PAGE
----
Agency and Anxiety
32 Pages Posted: 30 Oct 2006 Last revised: 13 May 2014
Date Written: July 2007
In this paper, we introduce the psychological concept of anxiety into the standard linear agency model. After replacing the agent's risk premium with anxiety, we show that the agent's optimal effort can conform to the inverted-U hypothesis, which states that an increase in anxiety improves performance when anxiety is low, but reduces it when anxiety is high. It follows that high-powered incentives can backfire when they generate too much anxiety, in line with recent experimental evidence. A rational principal, however, never finds it optimal to offer such counterproductive incentives, which reconciles the seemingly contradictory empirical and experimental findings on the effects of incentives. Since anxiety can be motivational, the model explains violations of the Informativeness Principle where a principal injects noise into the contract or fails to filter it out. Finally, incentives and risk can be strategic complements for the principal with respect to generating effort, which can explain the mixed evidence for the risk-reward tradeoff.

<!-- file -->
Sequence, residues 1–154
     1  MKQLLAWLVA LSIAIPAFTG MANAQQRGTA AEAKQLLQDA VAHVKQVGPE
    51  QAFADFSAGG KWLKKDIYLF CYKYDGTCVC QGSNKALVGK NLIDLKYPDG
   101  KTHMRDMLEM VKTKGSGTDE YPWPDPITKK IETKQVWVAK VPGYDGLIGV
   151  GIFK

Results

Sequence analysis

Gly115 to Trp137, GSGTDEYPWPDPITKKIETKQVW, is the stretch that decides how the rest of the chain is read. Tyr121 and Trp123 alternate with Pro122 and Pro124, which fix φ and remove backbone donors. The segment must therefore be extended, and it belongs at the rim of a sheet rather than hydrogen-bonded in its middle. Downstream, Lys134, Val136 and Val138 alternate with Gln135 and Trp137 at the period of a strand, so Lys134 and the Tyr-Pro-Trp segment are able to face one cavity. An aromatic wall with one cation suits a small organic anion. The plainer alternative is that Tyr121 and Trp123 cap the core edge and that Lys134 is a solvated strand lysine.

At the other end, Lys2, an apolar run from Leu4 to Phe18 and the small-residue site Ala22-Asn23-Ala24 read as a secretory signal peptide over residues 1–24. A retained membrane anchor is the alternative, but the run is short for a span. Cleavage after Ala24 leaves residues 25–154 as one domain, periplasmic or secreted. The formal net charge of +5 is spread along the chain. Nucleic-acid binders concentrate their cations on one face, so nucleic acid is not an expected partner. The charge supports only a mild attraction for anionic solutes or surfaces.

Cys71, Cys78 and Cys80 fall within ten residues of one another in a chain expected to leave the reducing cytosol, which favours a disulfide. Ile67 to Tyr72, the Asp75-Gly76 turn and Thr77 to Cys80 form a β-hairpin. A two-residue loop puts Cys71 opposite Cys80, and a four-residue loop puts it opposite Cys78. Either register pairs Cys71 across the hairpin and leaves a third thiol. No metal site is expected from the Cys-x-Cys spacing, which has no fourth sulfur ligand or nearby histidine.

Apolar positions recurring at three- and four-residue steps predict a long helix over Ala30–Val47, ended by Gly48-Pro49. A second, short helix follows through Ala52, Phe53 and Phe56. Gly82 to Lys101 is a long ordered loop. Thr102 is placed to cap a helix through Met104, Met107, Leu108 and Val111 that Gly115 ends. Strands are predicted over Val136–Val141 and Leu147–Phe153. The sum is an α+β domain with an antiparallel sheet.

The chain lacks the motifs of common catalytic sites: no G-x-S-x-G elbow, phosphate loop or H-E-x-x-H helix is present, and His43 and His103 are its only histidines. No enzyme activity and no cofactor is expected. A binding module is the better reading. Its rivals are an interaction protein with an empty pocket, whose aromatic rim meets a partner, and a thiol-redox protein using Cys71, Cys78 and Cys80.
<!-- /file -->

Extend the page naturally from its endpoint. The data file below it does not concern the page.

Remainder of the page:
Keywords: anxiety, incentives, informativeness principle, intrinsic motivation, risk-reward tradeoff
JEL Classification: M52, D86, L2
Suggested Citation: Suggested Citation